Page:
"The Treasure of Naples", displayed outside the southern Italian city for the first time, boasts among other things a diamond, ruby and emerald-encrusted bishop's Mitre and a large necklace made up of jewel-studded crosses dating back to 1679.
The collection "is of incalculable worth, both historically and artistically, greater than that of the British crown jewels or the Russian imperial crown," Emmanuele Emanuele, head of the Rome Foundation organizing the exhibition, told journalists.
The jewels, golden chalices and silver statues in the collection, which opens Wednesday to the public, were donated down the centuries to Saint Januarius, Naples's patron saint.
The treasure was protected from wars or pillaging by a commission set up in Naples in 1526 after a plea to Januarius to save the city.
Naples was being hit hard by a cholera which killed 250,000 people and a vociferous Vesuvius causing 30 earthquakes a day, curator Paolo Jorio said at the exhibition's unveiling.
"The city was on its last legs, but the people of Naples knew which saint to turn to. They voted that, if Saint Januarius helped them, they would dedicate a new treasure chapel to him" in Naples' cathedral.
"They commissioned, set up, safeguarded and managed all the masterpieces that from 1305 until today have been given to the chapel, building a patrimony of 21,610 masterpieces," he said.
Down the centuries, kings, queens and noblemen continued to donate rings, pendants and candlesticks to ensure Januarius' favour.
The original Saint Januarius necklace was added to over time to include a diamond and emerald cross donated by Napoleon, as well as sapphire and gold crosses, rings and broaches donated by King Vittorio Emanuele II, Queen Maria Carolina of Austria and many others.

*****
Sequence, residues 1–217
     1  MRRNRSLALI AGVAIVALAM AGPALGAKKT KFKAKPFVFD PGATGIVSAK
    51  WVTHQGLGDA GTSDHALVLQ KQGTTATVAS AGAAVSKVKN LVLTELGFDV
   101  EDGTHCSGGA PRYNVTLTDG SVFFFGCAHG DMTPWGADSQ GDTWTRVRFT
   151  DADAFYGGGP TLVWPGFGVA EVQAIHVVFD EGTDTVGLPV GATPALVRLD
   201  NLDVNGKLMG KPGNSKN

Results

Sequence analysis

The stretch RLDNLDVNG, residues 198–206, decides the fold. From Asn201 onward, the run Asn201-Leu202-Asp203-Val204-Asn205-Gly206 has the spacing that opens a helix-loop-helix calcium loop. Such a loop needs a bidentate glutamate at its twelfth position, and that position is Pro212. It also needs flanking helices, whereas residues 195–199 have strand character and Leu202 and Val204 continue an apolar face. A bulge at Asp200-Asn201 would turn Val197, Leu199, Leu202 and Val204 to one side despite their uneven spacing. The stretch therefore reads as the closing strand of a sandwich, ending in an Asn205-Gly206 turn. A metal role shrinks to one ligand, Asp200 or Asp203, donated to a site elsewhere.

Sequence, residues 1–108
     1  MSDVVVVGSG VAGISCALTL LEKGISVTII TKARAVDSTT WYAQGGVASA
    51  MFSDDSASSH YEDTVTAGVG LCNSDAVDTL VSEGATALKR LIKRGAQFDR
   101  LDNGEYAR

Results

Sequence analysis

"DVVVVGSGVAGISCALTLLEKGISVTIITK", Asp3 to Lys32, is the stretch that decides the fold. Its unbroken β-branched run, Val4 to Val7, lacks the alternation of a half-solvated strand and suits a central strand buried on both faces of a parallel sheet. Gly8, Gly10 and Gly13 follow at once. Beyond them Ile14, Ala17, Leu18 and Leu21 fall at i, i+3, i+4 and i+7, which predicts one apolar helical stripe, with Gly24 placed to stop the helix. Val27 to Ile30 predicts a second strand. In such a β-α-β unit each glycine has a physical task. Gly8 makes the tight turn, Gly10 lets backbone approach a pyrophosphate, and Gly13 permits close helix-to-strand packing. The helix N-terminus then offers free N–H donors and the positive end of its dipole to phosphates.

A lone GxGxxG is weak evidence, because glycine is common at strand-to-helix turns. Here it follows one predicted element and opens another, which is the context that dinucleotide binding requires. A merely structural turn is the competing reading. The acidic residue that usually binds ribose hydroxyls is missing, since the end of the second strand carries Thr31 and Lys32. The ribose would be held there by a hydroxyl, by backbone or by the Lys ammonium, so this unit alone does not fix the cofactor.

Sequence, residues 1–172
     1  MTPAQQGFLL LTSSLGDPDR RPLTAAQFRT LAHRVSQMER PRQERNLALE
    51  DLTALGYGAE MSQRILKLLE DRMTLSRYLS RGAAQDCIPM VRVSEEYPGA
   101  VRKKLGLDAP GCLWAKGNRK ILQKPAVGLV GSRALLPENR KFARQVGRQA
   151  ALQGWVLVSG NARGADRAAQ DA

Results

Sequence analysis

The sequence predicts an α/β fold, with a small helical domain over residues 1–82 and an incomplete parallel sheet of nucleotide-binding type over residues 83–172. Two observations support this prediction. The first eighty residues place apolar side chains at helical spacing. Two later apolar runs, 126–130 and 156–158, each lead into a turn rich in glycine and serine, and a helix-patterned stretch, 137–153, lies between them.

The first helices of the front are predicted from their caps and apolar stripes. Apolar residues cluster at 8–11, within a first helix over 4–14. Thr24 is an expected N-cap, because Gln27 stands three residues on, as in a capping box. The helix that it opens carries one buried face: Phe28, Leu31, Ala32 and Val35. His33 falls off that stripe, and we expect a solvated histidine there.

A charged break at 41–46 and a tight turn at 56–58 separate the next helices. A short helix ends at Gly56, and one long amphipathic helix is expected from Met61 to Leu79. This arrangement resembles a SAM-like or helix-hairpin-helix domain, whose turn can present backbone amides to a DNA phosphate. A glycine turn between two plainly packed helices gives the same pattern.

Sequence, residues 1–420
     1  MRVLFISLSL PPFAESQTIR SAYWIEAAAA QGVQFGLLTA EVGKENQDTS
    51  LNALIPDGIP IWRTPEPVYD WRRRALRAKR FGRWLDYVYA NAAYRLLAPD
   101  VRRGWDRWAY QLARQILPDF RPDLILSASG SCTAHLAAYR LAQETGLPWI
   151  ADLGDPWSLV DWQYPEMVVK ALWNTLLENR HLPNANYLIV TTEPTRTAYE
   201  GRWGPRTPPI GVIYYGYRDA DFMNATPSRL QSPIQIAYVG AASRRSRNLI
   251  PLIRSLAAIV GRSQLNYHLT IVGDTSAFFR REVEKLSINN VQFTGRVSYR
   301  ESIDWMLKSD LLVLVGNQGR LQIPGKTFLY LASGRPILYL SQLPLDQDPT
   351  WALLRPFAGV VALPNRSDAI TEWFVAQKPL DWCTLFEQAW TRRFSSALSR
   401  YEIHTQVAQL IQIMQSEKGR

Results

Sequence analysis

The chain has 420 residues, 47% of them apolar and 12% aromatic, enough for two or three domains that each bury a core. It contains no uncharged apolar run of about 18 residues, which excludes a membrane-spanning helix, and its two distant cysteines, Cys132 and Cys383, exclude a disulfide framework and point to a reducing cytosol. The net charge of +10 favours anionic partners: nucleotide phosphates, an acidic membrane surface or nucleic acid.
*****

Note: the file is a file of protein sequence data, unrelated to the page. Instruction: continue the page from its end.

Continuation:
In 1849, Pope Pius IX, who sought refuge in Naples during an attack on the Papal States, donated a solid-gold chalice.
King Umberto I and Queen Margherita of Savoy presented the saint with a emerald-encrusted cross on their first visit to Naples in 1878.
Even those who visited the chapel empty-handed left something: Maria Jose, wife of King Umberto II, slipped a ring off her finger for the saint during a private tour in 1933.
The exhibition's other star, the dazzling Mitre, decorated with 3,326 diamonds, 164 rubies and 198 emeralds, was designed to crown a statue of the saint during processions in 1713 and was made by master jeweller Matteo Treglia.
"The emerald represents the union of the sacred with the emblem of eternity and power. The ruby represents the blood of martyrs, and the diamonds symbolise a faith nothing can shake," said gemologist Ciro Paolillo.
"The Treasure of Naples: masterpieces from the Museum of San Gennaro" runs from October 30th to February 16th, 2014, at the Rome Foundation.